The election has a lot of people (actually the majority of Americans) concerned about the future, particularly the way we treat each other and how we view diversity and manage our differences.
My youngest son, Jesse (a smart, flourishing business leader in LA), has a young daughter and son and his comments just break my heart, writing to me that the election has made him angry and yet motivated to want to find a way to make a positive change.
“I don’t know what that even means,” he says, “which makes me even more angry…but I want to be a better role model for my kids and community and feel like I can do something to have a positive influence.
“I feel like we are all too intelligent, fortunate and capable to sit idle and “wait” it out for four years. Perhaps this is a wake-up call for me and others like me, that we cannot stand idle and expect good things to happen. For too long I have been so afraid to take a stance or advocate for what I think is right. So I can no longer rest on my ignorance or repulsion for politics and allow that to dissuade me from ensuring the environment which my children and my eventual grandchildren live is safe, healthy and sustainable.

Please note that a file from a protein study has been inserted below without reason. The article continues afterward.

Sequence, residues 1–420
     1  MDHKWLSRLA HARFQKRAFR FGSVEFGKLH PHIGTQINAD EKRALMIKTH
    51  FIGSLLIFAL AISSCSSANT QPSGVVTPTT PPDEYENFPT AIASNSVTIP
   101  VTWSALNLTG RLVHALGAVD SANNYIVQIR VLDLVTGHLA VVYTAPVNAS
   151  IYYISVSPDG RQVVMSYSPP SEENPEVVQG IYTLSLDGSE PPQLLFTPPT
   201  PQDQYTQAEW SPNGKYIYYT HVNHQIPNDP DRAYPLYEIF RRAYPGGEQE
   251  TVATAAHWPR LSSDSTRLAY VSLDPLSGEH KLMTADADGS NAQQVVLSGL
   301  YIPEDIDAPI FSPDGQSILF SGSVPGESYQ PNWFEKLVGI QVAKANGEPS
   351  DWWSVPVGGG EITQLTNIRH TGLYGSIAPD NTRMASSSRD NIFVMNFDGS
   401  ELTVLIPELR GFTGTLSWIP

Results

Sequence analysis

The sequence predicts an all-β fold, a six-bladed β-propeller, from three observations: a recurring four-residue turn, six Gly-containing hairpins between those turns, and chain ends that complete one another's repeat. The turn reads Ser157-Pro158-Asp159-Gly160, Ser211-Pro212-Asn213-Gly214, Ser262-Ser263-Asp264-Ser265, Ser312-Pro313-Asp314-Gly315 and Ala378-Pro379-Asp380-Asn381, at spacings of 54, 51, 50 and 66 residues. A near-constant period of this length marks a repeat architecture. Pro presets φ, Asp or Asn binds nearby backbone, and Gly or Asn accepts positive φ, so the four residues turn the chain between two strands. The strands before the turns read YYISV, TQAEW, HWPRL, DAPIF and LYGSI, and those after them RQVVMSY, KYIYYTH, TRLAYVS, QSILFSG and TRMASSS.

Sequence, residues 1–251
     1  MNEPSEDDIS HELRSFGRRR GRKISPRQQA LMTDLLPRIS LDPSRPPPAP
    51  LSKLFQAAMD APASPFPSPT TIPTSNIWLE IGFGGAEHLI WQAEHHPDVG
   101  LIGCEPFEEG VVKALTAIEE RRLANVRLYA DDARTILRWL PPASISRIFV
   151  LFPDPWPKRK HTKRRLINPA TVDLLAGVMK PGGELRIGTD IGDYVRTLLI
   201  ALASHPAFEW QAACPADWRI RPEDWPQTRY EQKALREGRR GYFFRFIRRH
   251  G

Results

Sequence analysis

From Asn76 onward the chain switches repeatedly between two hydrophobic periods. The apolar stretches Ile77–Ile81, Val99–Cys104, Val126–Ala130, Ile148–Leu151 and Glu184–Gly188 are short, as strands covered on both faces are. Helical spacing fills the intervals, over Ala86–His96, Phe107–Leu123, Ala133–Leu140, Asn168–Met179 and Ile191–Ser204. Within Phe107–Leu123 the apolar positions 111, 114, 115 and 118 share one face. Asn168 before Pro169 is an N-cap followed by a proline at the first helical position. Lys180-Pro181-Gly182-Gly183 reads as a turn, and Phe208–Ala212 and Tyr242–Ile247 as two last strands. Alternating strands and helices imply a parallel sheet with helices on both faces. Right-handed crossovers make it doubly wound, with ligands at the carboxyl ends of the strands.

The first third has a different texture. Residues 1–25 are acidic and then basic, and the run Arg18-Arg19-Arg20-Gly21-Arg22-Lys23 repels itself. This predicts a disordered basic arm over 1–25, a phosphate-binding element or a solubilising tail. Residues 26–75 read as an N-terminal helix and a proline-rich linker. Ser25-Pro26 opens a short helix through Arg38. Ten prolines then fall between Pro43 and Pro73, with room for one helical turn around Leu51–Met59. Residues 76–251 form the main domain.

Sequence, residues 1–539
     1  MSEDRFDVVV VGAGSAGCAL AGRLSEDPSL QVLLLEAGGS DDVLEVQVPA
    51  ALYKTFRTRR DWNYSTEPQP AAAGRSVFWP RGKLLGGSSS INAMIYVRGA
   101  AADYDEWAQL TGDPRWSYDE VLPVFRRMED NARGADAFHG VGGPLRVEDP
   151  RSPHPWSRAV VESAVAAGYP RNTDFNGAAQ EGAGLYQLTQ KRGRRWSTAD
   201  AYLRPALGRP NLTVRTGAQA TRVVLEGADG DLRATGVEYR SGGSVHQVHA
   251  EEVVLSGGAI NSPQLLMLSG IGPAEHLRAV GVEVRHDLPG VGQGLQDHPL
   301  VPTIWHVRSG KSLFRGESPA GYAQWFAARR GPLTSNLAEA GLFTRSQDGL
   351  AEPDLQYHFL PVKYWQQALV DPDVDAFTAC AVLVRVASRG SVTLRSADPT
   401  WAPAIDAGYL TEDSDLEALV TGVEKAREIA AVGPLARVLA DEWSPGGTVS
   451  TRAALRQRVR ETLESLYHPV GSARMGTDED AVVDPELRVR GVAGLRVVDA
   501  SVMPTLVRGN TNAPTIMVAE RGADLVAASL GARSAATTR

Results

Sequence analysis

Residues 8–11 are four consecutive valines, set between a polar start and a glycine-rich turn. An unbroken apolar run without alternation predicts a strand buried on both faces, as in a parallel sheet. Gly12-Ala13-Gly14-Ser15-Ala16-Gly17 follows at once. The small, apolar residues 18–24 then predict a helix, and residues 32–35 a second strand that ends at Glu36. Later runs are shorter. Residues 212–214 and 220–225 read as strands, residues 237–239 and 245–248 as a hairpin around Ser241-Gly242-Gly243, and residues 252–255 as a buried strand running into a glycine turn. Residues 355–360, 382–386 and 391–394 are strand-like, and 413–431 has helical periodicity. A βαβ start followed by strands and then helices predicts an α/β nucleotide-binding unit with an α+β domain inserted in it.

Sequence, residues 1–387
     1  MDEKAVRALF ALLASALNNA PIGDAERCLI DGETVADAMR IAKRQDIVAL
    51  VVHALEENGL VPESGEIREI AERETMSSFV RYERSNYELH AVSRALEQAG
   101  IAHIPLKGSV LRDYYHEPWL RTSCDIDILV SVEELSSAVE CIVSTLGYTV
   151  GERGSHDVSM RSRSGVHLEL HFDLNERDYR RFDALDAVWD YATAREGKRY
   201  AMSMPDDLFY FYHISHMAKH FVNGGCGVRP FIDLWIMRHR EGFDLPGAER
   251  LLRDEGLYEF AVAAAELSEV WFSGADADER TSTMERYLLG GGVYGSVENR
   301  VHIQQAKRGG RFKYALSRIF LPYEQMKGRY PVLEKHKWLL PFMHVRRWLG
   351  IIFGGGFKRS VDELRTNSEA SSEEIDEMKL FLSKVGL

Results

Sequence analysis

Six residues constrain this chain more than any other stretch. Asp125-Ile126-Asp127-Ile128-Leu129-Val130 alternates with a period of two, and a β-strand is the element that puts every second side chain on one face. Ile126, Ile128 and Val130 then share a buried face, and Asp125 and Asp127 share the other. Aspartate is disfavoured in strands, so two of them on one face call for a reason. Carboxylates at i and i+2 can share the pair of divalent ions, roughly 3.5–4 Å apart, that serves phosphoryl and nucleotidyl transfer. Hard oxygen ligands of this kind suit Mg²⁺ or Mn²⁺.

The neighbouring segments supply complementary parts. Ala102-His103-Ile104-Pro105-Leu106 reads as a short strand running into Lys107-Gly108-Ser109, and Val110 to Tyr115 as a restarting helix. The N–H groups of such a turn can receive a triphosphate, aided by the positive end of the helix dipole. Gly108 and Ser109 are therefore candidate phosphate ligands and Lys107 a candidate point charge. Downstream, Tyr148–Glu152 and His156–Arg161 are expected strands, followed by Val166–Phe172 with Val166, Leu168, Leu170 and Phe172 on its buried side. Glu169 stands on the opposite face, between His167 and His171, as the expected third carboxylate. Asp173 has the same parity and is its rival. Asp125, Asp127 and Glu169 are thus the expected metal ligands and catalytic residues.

“No, this does not mean I have any interest in running for any political position…but I am determined to find a way to make a difference…please hold me to it and push me so I don’t remain on the sidelines all the time!”
Indeed! While we wait to see how the dust settles in Washington D.C., I am buoyed and proud by Jesse’s comments and desire to make his community a better place. I hope to help him look within ourselves to rise above hate and violence and make our own community a kind and respectful environment!
The holidays are usually a time that we extend warmth and care to our families and friends, and even strangers. My hope is that the election can encourage us to find ways to look beyond our differences and embrace the ‘holiday’ spirit of love and friendship. This isn’t a time to ‘take America back’ or ‘make American great again’….America is already a great place, we’ve already made so much progress in accepting diversity and differences.If we can’t change the attitudes of various fractions in our country, we can at least ensure that Central Oregon is the kind of place we want our children and grandchildren to be safe from prejudice and bullying.
With this thought, I hope you have holidays that lifts your spirits while you help others ensure we live in a caring and respectful community.
~ Pamela Hulse Andrews